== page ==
This false "perception" changed to a state of alarm in the first days of October, since the press published that on the northern border, specifically in Nuevo Laredo, Tamaulipas, there were "thousands" of people infected by a disease called "Spanish flu", which made it imperative to contain its expansion and prevent it from reaching the center of the country. To achieve their objective, the health authorities issued immediate instructions to the states of that region, with the purpose of stopping the push of the "infection". However, in a short time, Ciudad Juarez, Torreon, and Saltillo became the first locations to make known the advanced and highly progressive state of the disease.
Thousands of people infected with the "Spanish flu" were recorded on the northern border of the country.
The General Health Council, created in 1917 with the purpose of attending to public health, was quick to dictate urgent measures against the epidemic. For this reason, it ordered the suspension of rail traffic in the cities where influenza had reached the highest proportions. It also determined that the freight trains should be checked by doctors who would certify the cleanliness and safety conditions in which they were found. Finally, it also ordered that those responsible for hotels, pensions, schools, and families notify the existing cases in their respective communities, in order to prevent the possible circulation of the sick in the streets.
On the other hand, meeting places or entertainment venues such as cinemas, theaters, clubs, canteens, and grocery stores were closed in town halls where the disease had already attacked. School premises, of course, did not escape this regulation. In the end, free pedestrian traffic was prohibited between 11 p.m. and 4 a.m. in order to "sweep and clean" the streets with soap and water. Family members and caregivers of the sick were asked to wear cotton nose plugs and periodically disinfect their hands with a solution of creoline and carbolic acid. They were instructed not to visit those affected by the disease, much less "lie with them in the same bed, or use their plates, glasses, and silverware".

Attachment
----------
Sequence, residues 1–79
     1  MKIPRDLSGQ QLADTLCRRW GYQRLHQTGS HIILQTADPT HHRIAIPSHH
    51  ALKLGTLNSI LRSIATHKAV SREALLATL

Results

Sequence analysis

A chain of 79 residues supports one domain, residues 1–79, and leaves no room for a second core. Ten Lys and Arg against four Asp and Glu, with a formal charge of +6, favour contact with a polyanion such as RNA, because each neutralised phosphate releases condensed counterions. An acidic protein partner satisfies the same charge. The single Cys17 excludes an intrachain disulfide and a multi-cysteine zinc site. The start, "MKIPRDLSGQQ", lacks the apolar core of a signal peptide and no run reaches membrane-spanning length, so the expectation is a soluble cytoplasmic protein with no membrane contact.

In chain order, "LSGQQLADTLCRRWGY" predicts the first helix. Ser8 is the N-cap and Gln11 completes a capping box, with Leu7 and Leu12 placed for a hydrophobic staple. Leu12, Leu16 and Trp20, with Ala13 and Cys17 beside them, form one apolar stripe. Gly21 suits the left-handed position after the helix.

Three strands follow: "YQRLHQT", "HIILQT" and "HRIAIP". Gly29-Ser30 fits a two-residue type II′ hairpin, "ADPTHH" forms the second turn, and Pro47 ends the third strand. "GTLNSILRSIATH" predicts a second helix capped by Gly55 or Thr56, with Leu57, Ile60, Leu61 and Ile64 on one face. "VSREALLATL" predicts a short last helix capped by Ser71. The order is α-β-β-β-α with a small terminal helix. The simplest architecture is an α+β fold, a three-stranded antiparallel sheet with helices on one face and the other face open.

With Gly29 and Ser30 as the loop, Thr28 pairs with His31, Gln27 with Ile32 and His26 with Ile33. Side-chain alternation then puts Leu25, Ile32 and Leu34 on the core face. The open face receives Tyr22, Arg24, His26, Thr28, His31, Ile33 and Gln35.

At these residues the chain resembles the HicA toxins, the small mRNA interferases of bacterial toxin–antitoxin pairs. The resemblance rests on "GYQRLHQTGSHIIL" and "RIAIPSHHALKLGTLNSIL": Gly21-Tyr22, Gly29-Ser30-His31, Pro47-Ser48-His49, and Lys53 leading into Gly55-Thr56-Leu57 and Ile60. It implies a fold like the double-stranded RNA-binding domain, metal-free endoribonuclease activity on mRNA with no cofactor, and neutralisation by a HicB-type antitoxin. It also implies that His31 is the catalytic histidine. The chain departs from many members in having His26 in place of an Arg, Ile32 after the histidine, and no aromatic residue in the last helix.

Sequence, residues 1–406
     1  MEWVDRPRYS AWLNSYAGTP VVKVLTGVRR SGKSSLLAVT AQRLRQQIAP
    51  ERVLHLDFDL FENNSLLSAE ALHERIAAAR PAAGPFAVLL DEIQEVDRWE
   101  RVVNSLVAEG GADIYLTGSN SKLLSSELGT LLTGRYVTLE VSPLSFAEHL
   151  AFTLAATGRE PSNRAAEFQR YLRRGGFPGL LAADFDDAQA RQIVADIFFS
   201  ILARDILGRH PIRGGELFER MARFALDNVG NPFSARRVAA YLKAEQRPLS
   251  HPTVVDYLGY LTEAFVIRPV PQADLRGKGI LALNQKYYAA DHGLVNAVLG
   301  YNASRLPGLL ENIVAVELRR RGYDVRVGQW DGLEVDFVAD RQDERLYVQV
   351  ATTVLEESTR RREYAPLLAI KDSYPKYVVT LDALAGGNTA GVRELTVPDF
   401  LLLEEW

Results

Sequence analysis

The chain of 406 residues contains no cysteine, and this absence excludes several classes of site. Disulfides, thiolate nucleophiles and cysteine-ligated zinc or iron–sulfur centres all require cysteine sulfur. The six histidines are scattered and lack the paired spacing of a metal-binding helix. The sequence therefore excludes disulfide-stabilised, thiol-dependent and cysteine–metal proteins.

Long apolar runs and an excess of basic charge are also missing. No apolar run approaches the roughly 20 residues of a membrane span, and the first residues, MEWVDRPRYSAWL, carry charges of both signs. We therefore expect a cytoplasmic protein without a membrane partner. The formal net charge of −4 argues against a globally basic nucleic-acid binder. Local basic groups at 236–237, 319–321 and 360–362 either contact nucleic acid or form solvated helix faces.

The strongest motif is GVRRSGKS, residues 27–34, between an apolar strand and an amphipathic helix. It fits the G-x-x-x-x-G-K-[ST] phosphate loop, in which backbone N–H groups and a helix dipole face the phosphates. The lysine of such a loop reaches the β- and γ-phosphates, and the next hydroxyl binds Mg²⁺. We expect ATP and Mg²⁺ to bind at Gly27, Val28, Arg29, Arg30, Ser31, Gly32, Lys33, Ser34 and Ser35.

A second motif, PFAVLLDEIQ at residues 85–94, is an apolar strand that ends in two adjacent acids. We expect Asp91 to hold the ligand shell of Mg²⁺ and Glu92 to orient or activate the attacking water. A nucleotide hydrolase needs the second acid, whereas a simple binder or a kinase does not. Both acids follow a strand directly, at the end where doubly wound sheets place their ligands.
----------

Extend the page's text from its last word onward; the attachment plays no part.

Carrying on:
In order to "thoroughly sweep and clean" the streets with soap and water, pedestrian traffic was suspended from 11 pm to 4 am.
Despite the measures adopted, flu transmission was not significantly mitigated, so authorities began to warn the capital in view of the imminent arrival of the epidemic, since by mid-October, there had been cases in the States of Michoacán, Hidalgo, Aguascalientes, Tlaxcala, and Puebla. Thus, Mexico City was protected with the installation of camps and brigades formed by the military medical corps. Like those who wait for the inevitable, in that autumn of 1918, a great part of the citizens of Mexico City were distressed to read newspaper articles reporting on "exposed or unburied corpses" in Ciudad Juarez and Puebla due to the lack of space in the cemeteries.
However, due to its magnitude, strength, and consequences, on the 9th of November 1918, the only good news brought by the "Spanish flu" to Mexico began to appear, because it was finally reported on its gradual decrease in the national territory, giving the country's inhabitants a respite and true encouragement. Shortly after, on November 11, the national and international press published the headlines about the end of the First World War, the one for which millions of human beings begged to be "the last to leave their mark in rows of grayish, murmuring, fear-tinged faces".
On November 9, 1918, the gradual decline of the "Spanish flu" in Mexico was reported.
Source: El Mirador